WA COVID wave leaves respiratory emergencies actually lower than before

The vast majority died in aged care or hospice facilities, with a median age of 81.

Premier Mark McGowan said in many cases people died for other reasons but were recorded as a COVID-19 death due to the virus being present at the time.

“Deaths include people who died with COVID, not necessarily COVID, he said.

“The most important thing to look at in all of this is hospitalization, but especially intensive care admissions, because that gives us the best indication of the severity of the disease.”

The number of people presenting to WA emergency departments with viral respiratory infections.Credit:VirusWatch

WA Health chief executive David Russell-Weisz estimates that around half of hospital admissions with COVID are being treated for COVID symptoms, meaning around 22 patients have been treated for the virus in care intense this year.

The figure is one-twentieth of what the modeling predicted, with WA’s high vaccination rates leading to a significant reduction in serious illness and making the urgent purchase of 600 ventilators in 2020 redundant.

A nurse at a major hospital in Perth, whose name has been withheld to protect her work, said most people on the general COVID ward had accidental COVID-19 and had been transferred to the ward for recovery. infection control.

For those being treated for the virus, she said the most common symptoms were coughing and shortness of breath.

“It’s like pneumonia or the flu, your chest feels heavy and you have a productive cough,” she said.

“Patients usually need oxygen or intravenous medication or an antiviral.

“Some are coming from aged care so they need oxygen therapy and things that aged care nurses and doctors can’t provide, most are over 60.”

For Louise Edwards, an immunocompromised woman from Perth, her experience with COVID-19 was made easier after she signed up for a COVID Care at-home helpline while she had the virus over the long weekend of Easter.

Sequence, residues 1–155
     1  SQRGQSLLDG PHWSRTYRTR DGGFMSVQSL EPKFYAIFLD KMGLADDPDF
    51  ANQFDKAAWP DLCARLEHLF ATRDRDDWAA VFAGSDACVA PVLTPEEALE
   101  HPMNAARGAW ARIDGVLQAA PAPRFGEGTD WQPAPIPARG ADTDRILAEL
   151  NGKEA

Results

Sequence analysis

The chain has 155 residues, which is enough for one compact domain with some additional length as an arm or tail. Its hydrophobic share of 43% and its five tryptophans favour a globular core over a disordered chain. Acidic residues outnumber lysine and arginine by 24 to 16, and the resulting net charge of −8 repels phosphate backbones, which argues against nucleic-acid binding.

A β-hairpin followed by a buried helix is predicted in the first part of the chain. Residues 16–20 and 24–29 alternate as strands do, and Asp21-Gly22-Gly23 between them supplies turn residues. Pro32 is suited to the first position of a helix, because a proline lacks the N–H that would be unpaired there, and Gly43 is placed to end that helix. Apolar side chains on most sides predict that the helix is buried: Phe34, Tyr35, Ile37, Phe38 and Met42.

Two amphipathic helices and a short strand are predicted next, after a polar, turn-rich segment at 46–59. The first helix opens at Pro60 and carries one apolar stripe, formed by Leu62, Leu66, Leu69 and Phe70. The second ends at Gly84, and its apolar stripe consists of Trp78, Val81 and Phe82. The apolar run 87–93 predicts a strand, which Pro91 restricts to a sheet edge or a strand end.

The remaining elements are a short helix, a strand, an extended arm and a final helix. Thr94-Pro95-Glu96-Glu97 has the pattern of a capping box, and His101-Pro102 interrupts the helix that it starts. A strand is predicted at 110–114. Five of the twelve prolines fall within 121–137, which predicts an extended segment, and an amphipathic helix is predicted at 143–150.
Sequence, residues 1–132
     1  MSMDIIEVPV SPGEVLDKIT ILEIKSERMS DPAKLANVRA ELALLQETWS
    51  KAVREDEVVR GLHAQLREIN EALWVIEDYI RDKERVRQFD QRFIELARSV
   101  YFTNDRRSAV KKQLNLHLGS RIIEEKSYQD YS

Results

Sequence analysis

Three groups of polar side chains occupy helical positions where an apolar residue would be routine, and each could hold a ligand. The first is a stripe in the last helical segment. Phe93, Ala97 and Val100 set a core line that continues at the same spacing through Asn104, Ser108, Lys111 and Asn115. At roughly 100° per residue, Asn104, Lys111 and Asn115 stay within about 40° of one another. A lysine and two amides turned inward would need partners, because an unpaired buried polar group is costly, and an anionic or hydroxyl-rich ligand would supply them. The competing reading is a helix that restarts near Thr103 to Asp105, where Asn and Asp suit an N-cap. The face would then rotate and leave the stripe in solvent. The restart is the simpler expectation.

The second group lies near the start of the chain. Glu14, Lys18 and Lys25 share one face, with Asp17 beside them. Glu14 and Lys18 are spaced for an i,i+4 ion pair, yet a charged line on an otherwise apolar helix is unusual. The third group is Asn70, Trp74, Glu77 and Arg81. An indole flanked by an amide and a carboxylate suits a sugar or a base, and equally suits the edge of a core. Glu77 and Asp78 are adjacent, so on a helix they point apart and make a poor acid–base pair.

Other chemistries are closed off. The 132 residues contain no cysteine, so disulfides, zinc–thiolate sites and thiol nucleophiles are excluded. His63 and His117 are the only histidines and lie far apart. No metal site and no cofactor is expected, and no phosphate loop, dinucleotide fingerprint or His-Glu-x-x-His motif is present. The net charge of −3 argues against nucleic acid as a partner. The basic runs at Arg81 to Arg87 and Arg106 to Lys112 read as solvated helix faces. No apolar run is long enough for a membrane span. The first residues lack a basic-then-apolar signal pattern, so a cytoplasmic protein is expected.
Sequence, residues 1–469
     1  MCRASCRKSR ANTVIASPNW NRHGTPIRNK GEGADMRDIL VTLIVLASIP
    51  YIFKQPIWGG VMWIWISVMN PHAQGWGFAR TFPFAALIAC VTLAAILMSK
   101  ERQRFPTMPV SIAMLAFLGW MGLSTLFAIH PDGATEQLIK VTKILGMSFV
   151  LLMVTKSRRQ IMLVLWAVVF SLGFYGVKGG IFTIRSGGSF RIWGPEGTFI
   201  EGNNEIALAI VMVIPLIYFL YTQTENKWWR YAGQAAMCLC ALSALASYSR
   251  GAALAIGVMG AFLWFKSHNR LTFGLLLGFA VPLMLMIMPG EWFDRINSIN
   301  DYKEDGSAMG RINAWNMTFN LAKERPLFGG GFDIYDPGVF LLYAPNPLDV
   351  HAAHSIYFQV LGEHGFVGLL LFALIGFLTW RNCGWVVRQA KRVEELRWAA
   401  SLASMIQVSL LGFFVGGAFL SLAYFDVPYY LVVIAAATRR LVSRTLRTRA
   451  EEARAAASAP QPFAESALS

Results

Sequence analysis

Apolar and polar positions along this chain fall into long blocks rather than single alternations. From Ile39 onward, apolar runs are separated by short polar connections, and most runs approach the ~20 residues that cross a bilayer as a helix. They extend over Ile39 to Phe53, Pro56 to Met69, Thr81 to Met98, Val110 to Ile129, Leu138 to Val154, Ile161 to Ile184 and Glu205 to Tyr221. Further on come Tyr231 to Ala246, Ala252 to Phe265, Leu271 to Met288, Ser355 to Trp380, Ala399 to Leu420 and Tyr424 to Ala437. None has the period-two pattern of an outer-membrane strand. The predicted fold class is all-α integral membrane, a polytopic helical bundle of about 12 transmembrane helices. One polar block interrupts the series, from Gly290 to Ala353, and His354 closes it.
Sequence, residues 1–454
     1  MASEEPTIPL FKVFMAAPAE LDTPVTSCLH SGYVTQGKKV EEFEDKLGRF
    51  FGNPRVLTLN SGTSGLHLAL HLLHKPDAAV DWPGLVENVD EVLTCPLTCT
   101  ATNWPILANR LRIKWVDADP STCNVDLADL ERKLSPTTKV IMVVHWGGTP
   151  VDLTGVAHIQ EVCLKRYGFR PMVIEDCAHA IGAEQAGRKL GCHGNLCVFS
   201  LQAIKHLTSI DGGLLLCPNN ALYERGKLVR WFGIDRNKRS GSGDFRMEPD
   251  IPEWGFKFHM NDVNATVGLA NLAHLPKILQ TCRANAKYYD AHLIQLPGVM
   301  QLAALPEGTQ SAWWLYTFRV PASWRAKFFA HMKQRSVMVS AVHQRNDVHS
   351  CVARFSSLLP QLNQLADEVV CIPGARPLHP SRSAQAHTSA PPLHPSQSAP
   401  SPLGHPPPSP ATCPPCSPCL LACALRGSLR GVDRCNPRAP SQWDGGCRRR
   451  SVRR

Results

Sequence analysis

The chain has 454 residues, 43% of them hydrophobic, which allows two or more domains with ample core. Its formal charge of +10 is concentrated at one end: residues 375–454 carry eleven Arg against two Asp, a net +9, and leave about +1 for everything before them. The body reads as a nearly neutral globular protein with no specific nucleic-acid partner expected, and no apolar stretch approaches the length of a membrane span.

Louise Edwards with her children.

Louise Edwards with her children.

“It was the worst time for me to catch it because I knew I was probably going to need antivirals and it was the only time my doctor was unavailable for four days,” he said. she declared.

The 41-year-old, who has a history of severe pneumonia, suffered from shortness of breath, exhaustion, dizziness, tachycardia and a cough during her infection.

After registering her positive rapid antigen test and opting for remote assistance via text message, the COVID Care service called Edwards every day for 10 days to make sure she was okay, and arranged a courier the day even to provide him with antivirals, steroids and an oxygen level monitor.

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“The antivirals were brought to my house from the hospital by taxi, it was faster than if I had seen my GP,” she said.

Edwards also attended a respiratory clinic that checked the lungs of COVID-19 patients.

When her oxygen level dropped and she began to experience chest pains, she was taken by ambulance to hospital on the ninth day where she underwent a chest X-ray to rule out pneumonia and a blood test to check for infection.

She returned home the same day.

“I had four shots and an immune antiviral and still ended up going to an ambulance, and it was the first ambulance of my life,” she said.

“Honestly, I don’t think I would have survived anywhere else.”

McGowan said about 5,000 people have opted into accessing home service as well.

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